High Blood Pressure High Blood Pressure

The World Health Organization’s ‘Crucial Report’ Maps Out a Strategy to Combat Heart Health Issues.¬†World Health Organization’s First Report on Global Impact of High Blood Pressure.¬†Tackling the Silent Killer.¬†The World Health Organization (WHO) has released its inaugural report on the worldwide effects of high blood pressure and how people can combat this “silent killer” that often presents without symptoms.

“This significant report by WHO sheds light on how common high blood pressure is and how it is on the rise globally, yet remains undetected and untreated at a global scale,” says Dr. Deepak L. Bhatt, Director of Mount Sinai Heart in New York City, as reported by Fox News Digital.

“It persists despite lifestyle measures (such as reducing salt intake and weight) and the availability of common medications that effectively control blood pressure if applied correctly – a necessity for global health systems,” he added.

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In the world, one in three adults has high blood pressure. Without treatment, it can lead to severe health consequences, including stroke, heart attacks, heart failure, and kidney issues, according to the report.

Dr. Mark Siegel, a Professor of Medicine at NYU Langone Medical Center and medical contributor to Fox News, commented on the matter, saying, “High blood pressure is easy to understand. It’s a pump against resistance. The higher the resistance in the arteries, the harder the heart pumps, which can lead to its failure, or damage can occur due to inadequate blood flow, or an abnormality can develop, throwing clots and causing strokes, or the pressure can rise in the kidneys, causing them to fail.”

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Blood Pressure
Blood Pressure

Stage 2 high blood pressure is defined as 140/90 mmHg or higher. WHO notes that the number of people with high blood pressure at 140/90 or higher and those receiving treatment for it has doubled from 650 million to 1.3 billion from 1990 to 2019. The American Heart Association (AHA) recommends that if you suspect your blood pressure is in an unhealthy range, you should “know your numbers.” Approximately half of people worldwide are living without being aware that they have high blood pressure.

The majority of people with high blood pressure, 75%, reside in low and middle-income countries. Preventing and managing the condition is a global concern. Dr. Tedros Adhanom Ghebreyesus, WHO Director-General, stated in a press release that “high blood pressure can be controlled effectively through simple, low-cost medications, yet only one in five people with high blood pressure have it under control.” WHO predicts that if more people receive appropriate treatment for high blood pressure, emulating the performance of high-income countries, it could prevent 76 million deaths, 120 million strokes, 79 million heart attacks, and 17 million cases of heart failure by 2050. This would be a lifesaving achievement.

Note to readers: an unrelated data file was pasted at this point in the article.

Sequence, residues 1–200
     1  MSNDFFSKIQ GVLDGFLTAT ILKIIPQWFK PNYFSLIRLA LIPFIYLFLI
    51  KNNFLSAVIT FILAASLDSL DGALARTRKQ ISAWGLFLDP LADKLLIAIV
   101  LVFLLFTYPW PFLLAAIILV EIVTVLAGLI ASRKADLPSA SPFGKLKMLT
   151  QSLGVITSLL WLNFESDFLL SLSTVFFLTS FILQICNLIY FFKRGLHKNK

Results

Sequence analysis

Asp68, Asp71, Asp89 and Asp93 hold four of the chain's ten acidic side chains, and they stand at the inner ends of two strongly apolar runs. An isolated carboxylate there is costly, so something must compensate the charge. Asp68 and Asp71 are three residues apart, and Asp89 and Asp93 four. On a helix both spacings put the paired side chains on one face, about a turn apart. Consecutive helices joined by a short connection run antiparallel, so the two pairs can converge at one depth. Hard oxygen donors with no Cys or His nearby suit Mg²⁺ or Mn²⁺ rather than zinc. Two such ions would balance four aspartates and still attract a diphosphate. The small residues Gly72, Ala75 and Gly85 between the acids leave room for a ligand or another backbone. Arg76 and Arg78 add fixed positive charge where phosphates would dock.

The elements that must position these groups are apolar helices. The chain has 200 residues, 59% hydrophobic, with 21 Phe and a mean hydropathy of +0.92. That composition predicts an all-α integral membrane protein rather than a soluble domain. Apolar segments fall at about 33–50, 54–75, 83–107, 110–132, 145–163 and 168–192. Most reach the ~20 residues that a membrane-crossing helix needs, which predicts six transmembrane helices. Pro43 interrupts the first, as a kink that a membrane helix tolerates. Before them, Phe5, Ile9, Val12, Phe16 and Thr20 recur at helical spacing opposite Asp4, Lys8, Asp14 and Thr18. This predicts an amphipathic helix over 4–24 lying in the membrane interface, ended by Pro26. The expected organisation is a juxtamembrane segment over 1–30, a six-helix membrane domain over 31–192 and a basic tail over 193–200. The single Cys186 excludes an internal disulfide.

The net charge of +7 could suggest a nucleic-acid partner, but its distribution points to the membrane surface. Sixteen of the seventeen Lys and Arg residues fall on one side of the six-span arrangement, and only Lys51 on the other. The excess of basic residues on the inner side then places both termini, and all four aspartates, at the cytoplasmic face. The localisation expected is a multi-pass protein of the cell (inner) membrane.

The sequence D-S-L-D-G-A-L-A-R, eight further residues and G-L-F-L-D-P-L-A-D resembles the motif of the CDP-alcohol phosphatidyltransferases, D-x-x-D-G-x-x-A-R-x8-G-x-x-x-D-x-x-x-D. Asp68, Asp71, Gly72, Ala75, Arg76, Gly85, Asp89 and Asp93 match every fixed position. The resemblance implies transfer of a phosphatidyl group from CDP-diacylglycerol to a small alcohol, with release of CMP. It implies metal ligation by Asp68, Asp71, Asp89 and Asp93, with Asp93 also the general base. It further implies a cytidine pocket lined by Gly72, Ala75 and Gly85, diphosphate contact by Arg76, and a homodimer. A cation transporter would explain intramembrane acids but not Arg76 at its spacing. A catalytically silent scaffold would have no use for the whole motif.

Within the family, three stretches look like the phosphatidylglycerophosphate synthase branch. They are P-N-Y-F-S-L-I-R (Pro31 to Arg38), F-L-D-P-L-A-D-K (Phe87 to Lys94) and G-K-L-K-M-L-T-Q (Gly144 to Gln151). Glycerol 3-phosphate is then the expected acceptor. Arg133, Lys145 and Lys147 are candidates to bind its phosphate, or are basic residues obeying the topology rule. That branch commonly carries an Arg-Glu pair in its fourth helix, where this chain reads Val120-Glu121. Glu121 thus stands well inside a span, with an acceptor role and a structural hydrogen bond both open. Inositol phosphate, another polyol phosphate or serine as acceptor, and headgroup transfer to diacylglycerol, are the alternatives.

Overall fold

Countries with high income levels, such as Canada and South Korea, have initiated national treatment programs that have resulted in more than 50% of adults in those regions achieving blood pressure control. However, effective blood pressure control is achievable in all income brackets. More than 17 million people have been included in treatment programs in low and middle-income countries like Cuba, Bangladesh, India, and Sri Lanka. To control blood pressure effectively, it’s essential to exercise regularly. This means at least 150 minutes of moderate-intensity physical activity each week, such as brisk walking, for most healthy individuals.

The American Heart Association also recommends tracking blood pressure regularly after its diagnosis and maintaining a healthy lifestyle. This includes a diet rich in fruits and vegetables, and monitoring sodium intake. Reducing sodium intake can be achieved by eliminating table salt from your diet. According to the CDC, the average American consumes approximately 3,400 milligrams of sodium daily, and making a simple change in your lifestyle can mean leaving out the salt shaker. In 2013, all 194 WHO member countries pledged to reduce sodium intake by 30% by 2025, but a recent report states that only 5% have taken comprehensive action so far.

The AHA also encourages people to look for the “Heart-Check” mark on the packaging, which certifies that the product meets AHA’s strict standards for saturated fat and sodium content for heart-healthy eating. Exercising regularly is crucial for controlling blood pressure. This equates to at least 150 minutes of moderate-intensity physical activity each week, such as brisk walking, for most healthy individuals. Spreading this physical activity throughout the week, perhaps 30 minutes a day on at least five days per week, is recommended. Additionally, people should engage in muscle-strengthening activities at least two days per week. Stay tuned for more health tips in the coming months: They might just surprise you!

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By Areesh

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